Commissioned by St Andrew’s Cathedral School in Sydney, Australia, Huge Earth received its first performance at Sydney Town Hall on 26th June, 2003 as a three-movement work scored for massed choirs, orchestra, pipe organ and soloists.
In 2013, at the invitation of conductor Jacob Narverud (Kansas City, USA), I took the opportunity to arrange the first movement of the work for TTBB choir with piano accompaniment for performance at a concert entitled “Galaxies” presented by Amphion Male Vocal Ensemble, USA on 23rd March, 2013. (Click here to read more about the arrangement for TTBB choir & piano).
When composing Huge Earth in 2003, I was inspired by three things. First, the thought of the School’s large array of performers (massed choirs, a cappella motet choir, orchestra, pipe organ and soloists) encouraged me to write music about something magnificent. I was then led (by way of the poetry section in Dymocks bookstore, George Street, Sydney) to a wonderfully creative and inspiring text for my work in the form of an extract from “Dew”, a poem by the acclaimed Sydney-based author, Luke Davies. The third and no less important source of inspiration for my work was the energy and enthusiasm that I knew St Andrew’s Cathedral School would bring to the premiere of my work.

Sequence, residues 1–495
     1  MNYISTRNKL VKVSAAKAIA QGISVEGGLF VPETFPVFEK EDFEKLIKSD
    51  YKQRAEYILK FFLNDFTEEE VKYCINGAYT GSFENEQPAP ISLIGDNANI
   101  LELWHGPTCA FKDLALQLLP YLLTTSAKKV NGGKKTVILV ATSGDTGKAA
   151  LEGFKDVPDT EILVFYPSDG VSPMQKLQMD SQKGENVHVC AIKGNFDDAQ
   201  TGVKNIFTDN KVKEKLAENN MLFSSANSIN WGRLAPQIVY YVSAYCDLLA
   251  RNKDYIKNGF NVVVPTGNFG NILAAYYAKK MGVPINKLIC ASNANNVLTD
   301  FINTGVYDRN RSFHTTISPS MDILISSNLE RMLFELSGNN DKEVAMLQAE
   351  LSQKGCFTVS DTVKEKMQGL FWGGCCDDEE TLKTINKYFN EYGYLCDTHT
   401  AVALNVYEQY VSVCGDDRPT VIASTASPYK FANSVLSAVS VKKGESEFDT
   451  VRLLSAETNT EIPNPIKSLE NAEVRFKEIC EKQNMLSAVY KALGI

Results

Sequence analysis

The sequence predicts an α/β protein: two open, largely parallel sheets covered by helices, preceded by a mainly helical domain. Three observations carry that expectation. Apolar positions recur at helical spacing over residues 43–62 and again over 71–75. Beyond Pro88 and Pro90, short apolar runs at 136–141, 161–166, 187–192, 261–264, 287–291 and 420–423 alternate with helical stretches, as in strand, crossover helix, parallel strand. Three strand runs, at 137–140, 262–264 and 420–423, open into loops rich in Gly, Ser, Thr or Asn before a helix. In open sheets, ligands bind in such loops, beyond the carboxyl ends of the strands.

Huge Earth (2003) begins and ends with a music that involves all the musicians with choristers singing of the awe-inspiring magnitude of the earth…
The huge earth, bigger than we can
possibly imagine, held together as if by
string or magic …
The middle section of the work features the recorder and piano soloists, unaccompanied motet choir, orchestra, and massed Primary School Choirs singing of the huge earth “smelling of jasmine and honeycomb, poppy dust and diesel” as it rumbles through the spiral fringes of the galaxy.
Grateful acknowledgement is made to poet Luke Davies and publisher Allen & Unwin for permission to set this text to music.